Adam Schiff Did NOT Sign the Blue Dog Letter

Adam Schiff did not sign the Blue Dog letter and in fact supports a robust public option. That’s good new — but why did AP suggest otherwise?

My outrage yesterday at Congressmember Schiff derived from some sloppy writing in the AP story about the Blue Dog “revolt” on health care reform. Schiff did NOT sign the Blue Dog letter and in fact strongly supports a robust public option. Good for him. Schiff’s communications director wanted a retraction, and I am glad to provide it.

The AP story:

1) reported that the Blue Dogs wrote a letter saying that they could not support the current plans for health care reform;

2) Schiff is a member of the Blue Dogs; and

3) the story quoted Schiff along with the unfortunately-named Blue Dog Marion Berry, who DID sign the letter.

I inferred from this that Schiff signed the letter, which I think was reasonable. Was Schiff set up by his ostensible Blue Dog friends, or the AP reporters? I don’t know, but it’s good to set the record straight — especially when it is good news.

[Full text of the AP story at the jump.]

Blue Dog Dems Rebel On Health Care Bill

WASHINGTON — The drive to remake the nation’s health care system suffered yet another setback in Congress on Thursday when a pivotal group of House Democrats demanded changes in legislation the leadership was drafting on a fast track.

The emerging bill “lacks a number of elements essential to preserving what works and fixing what is broken,” 40 members of the Blue Dog Coalition of moderate to conservative Democrats wrote party leaders. To win their support, they said, any legislation would need to be much more aggressive in reining in health care costs as well as in addressing a disparity in Medicare payments they said adversely affects rural providers.

A group of the moderates met into early evening with House Speaker Nancy Pelosi and Majority Leader Steny Hoyer and arranged to sit down with committee chairmen on Friday to go over proposed changes. Officials said the public release of the bill, originally set for Friday, would occur no earlier than Monday.

It was the second setback in three days for President Barack Obama’s top domestic priority, although it was unclear whether it would amount to anything more than a brief delay for a bill of enormous complexity and controversy.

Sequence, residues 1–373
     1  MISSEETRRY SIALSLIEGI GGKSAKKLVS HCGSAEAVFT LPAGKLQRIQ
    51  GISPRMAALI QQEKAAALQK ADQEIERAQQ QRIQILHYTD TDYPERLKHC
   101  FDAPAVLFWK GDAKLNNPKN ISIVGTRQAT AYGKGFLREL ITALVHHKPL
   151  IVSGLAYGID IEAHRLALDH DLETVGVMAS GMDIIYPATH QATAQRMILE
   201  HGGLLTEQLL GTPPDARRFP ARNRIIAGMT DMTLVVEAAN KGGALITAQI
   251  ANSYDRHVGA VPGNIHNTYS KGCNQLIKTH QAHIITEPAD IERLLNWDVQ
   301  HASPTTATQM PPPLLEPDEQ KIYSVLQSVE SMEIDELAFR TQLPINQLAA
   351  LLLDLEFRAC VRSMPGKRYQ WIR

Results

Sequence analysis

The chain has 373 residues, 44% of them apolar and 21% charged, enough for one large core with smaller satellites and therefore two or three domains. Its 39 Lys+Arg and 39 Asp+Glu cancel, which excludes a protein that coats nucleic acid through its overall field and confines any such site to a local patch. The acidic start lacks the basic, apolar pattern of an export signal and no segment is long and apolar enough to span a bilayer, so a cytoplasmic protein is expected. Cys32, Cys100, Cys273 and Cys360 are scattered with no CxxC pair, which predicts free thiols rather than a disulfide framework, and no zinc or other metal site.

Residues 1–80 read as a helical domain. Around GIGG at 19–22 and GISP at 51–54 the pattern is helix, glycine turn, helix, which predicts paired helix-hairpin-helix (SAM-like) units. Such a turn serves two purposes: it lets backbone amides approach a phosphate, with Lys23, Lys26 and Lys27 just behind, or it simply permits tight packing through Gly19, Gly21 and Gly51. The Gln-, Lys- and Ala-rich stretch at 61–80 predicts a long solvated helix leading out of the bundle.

There was upheaval earlier in the week in the Senate, where the Democratic leadership is intent on scuttling a proposed tax on health care benefits that has long been key to attempts at a bipartisan compromise. At the same time, Senate Majority Leader Harry Reid and others went out of their way during the day to emphasize eagerness for Republican support.

As an alternative to the benefits tax, Democrats are considering raising taxes on wealthy investors to help pay for health care legislation, along with numerous other options, according to officials who spoke on condition of anonymity. The proposal to extend the current 1.45 percent Medicare payroll tax to capital gains earned by high-income taxpayers would bring in an estimated $100 billion over 10 years.

In the House, Hoyer sought to minimize the day’s developments, which occurred as Democrats on one committee were making final decisions on provisions to pay for the legislation.

“Let me make it very clear that everybody in that room thinks we ought to pass health care reform,” the Maryland Democrat said.

Author: Jonathan Zasloff

Jonathan Zasloff teaches Torts, Land Use, Environmental Law, Comparative Urban Planning Law, Legal History, and Public Policy Clinic - Land Use, the Environment and Local Government. He grew up and still lives in the San Fernando Valley, about which he remains immensely proud (to the mystification of his friends and colleagues). After graduating from Yale Law School, and while clerking for a federal appeals court judge in Boston, he decided to return to Los Angeles shortly after the January 1994 Northridge earthquake, reasoning that he would gladly risk tremors in order to avoid the average New England wind chill temperature of negative 55 degrees. Professor Zasloff has a keen interest in world politics; he holds a PhD in the history of American foreign policy from Harvard and an M.Phil. in International Relations from Cambridge University. Much of his recent work concerns the influence of lawyers and legalism in US external relations, and has published articles on these subjects in the New York University Law Review and the Yale Law Journal. More generally, his recent interests focus on the response of public institutions to social problems, and the role of ideology in framing policy responses. Professor Zasloff has long been active in state and local politics and policy. He recently co-authored an article discussing the relationship of Proposition 13 (California's landmark tax limitation initiative) and school finance reform, and served for several years as a senior policy advisor to the Speaker of California Assembly. His practice background reflects these interests: for two years, he represented welfare recipients attempting to obtain child care benefits and microbusinesses in low income areas. He then practiced for two more years at one of Los Angeles' leading public interest environmental and land use firms, challenging poorly planned development and working to expand the network of the city's urban park system. He currently serves as a member of the boards of the Santa Monica Mountains Conservancy (a state agency charged with purchasing and protecting open space), the Los Angeles Center for Law and Justice (the leading legal service firm for low-income clients in east Los Angeles), and Friends of Israel's Environment. Professor Zasloff's other major activity consists in explaining the Triangle Offense to his very patient wife, Kathy.